• You have had treatment as part of another clinical trial in the last 4 weeks
  • You have had radiotherapy Open a glossary item in the last 2 weeks
  • You have had surgery in the last 4 weeks and haven’t fully recovered yet
  • You currently have any other type of cancer apart from a very early stage cancer (carcinoma in situ Open a glossary item) of the breast or cervix, or non melanoma skin cancer
  • You still have side effects from earlier chemotherapy (apart from effects on your blood) unless they are very mild
  • You have certain heart or lung problems, or high blood pressure that can’t be controlled with medication
  • You have an autoimmune disease Open a glossary item such as rheumatoid arthritis or multiple sclerosis
  • You have HIV, hepatitis B or C, syphilis or a virus called  HTLV-1
  • You have problems with your liver or kidneys, or need to have dialysis
  • You have an infection, another medical condition or a mental health problem that the trial team think could affect your taking part
  • You are known to be very sensitive to the chemotherapy drugs cyclophosphamide or fludarabine, the steroid drug methylprednisolone, or a drug called interleukin 2 (IL2)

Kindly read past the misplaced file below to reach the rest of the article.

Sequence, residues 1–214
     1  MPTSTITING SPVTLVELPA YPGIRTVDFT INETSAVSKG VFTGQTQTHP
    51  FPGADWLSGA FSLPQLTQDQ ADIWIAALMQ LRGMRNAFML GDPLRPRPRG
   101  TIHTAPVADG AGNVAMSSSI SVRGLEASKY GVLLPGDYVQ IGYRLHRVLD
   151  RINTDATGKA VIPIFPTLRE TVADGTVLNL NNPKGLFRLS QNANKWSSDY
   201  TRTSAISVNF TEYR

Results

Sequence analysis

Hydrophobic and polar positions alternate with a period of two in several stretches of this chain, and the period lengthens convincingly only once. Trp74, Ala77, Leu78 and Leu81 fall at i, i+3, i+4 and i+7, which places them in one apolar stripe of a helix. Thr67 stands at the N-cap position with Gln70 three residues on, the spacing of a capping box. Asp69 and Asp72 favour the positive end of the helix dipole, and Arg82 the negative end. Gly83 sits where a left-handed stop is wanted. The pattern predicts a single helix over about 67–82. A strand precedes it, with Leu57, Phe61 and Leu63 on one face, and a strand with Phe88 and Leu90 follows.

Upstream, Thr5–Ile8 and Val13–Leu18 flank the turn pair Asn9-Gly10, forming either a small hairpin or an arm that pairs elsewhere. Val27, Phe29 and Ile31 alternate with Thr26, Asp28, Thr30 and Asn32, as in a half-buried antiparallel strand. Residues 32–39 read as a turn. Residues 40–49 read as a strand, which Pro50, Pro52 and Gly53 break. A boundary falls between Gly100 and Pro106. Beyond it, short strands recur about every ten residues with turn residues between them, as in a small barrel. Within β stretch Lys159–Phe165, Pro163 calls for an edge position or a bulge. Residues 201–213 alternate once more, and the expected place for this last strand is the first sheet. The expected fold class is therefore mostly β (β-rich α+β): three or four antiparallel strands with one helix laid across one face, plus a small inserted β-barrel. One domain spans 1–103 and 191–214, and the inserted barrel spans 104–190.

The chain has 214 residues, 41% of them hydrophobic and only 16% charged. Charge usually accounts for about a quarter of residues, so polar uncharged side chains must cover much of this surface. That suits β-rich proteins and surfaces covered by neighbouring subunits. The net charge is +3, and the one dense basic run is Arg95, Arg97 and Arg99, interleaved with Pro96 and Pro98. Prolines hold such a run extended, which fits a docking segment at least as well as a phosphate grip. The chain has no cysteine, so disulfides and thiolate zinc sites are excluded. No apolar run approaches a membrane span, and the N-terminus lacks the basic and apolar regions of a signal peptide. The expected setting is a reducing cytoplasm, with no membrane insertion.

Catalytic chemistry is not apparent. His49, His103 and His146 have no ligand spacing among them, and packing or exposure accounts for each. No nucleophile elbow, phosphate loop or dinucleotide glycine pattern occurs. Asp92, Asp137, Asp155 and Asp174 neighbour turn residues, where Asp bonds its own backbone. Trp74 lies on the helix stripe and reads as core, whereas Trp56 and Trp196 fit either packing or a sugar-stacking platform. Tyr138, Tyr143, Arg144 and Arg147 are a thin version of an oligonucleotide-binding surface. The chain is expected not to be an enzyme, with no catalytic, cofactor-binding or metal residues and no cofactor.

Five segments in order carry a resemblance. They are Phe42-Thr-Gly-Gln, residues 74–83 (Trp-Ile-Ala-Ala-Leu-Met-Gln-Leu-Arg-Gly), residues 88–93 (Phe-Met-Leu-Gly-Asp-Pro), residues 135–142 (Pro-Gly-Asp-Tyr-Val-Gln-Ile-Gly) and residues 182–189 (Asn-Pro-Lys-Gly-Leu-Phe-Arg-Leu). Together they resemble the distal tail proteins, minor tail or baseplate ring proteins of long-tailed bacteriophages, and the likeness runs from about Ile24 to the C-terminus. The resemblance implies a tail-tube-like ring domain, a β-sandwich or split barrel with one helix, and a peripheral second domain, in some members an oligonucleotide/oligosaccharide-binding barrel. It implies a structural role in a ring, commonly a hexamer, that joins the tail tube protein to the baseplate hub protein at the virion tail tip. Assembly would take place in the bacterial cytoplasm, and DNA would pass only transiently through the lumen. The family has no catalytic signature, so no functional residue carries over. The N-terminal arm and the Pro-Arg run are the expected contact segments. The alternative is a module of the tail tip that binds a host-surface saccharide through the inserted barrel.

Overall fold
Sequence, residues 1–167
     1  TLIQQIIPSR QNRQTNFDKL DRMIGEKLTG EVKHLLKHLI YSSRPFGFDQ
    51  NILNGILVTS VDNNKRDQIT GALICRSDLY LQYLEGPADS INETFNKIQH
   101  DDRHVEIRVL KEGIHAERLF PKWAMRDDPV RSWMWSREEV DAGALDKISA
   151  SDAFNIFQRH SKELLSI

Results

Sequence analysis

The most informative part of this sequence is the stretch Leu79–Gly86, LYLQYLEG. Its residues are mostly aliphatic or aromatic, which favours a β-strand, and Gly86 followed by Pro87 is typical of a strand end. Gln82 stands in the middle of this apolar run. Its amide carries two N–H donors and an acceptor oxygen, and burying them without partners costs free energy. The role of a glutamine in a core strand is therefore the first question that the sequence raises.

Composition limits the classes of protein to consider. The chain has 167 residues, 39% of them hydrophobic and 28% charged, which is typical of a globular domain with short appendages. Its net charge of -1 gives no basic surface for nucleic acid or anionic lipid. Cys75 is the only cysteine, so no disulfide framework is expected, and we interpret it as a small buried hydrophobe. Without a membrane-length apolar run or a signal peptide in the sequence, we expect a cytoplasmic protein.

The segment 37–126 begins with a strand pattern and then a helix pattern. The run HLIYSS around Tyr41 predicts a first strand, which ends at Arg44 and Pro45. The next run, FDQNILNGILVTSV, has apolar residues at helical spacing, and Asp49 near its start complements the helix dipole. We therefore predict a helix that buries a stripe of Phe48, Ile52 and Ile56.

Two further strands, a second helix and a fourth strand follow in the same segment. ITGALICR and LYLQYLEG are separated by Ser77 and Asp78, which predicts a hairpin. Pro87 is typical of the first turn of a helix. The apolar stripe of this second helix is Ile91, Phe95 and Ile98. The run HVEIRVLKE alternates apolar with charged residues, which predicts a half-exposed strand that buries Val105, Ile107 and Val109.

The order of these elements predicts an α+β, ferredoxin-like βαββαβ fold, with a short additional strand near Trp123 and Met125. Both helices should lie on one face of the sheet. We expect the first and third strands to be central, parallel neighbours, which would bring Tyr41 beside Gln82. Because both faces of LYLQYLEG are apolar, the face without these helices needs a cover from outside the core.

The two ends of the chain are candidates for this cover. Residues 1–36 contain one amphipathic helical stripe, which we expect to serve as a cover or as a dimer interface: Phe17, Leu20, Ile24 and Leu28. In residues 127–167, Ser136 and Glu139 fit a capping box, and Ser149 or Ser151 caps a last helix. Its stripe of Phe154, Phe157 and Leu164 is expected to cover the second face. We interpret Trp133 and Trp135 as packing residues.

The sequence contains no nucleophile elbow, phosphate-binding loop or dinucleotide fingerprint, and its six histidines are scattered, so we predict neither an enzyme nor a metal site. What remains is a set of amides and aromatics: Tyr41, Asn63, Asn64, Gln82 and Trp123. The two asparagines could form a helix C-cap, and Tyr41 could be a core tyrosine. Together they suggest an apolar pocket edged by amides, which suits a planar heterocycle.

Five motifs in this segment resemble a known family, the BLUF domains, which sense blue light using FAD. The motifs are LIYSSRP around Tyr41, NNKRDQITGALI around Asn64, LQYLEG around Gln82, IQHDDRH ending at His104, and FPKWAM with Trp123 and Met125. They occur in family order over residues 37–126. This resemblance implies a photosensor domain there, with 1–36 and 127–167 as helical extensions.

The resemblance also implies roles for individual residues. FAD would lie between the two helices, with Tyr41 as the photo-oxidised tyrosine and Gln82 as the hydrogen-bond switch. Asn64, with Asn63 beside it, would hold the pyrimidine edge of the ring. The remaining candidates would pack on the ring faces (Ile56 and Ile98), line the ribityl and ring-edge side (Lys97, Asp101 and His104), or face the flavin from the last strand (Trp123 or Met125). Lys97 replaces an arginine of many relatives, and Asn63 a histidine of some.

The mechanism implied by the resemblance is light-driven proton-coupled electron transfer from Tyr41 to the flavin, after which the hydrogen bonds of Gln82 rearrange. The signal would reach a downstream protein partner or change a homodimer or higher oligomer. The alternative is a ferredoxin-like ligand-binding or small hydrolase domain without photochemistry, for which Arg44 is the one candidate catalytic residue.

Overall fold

• You are pregnant or breastfeeding

Trial design

This is a phase 1/2 trial. The researchers need about 25 people to join. Everybody taking part will have the experimental treatment.

Firstly the trial team need to remove some T cells from your blood. To do this, they put a small tube into one of your veins (usually in your arm). Blood passes down the tube and through a machine called a cell separator which removes the cells needed. The rest of your blood is then returned to you via a tube into another vein (usually in your other arm). This usually takes 4 to 5 hours.

The researchers will use gene therapy to change (modify) these cells in the laboratory and make them better at finding and attacking diseased blood cells.

Within a few weeks, you go back to hospital and have chemotherapy Open a glossary item. You have drugs called fludarabine or methylprednisolone. You have both drugs for 5 days.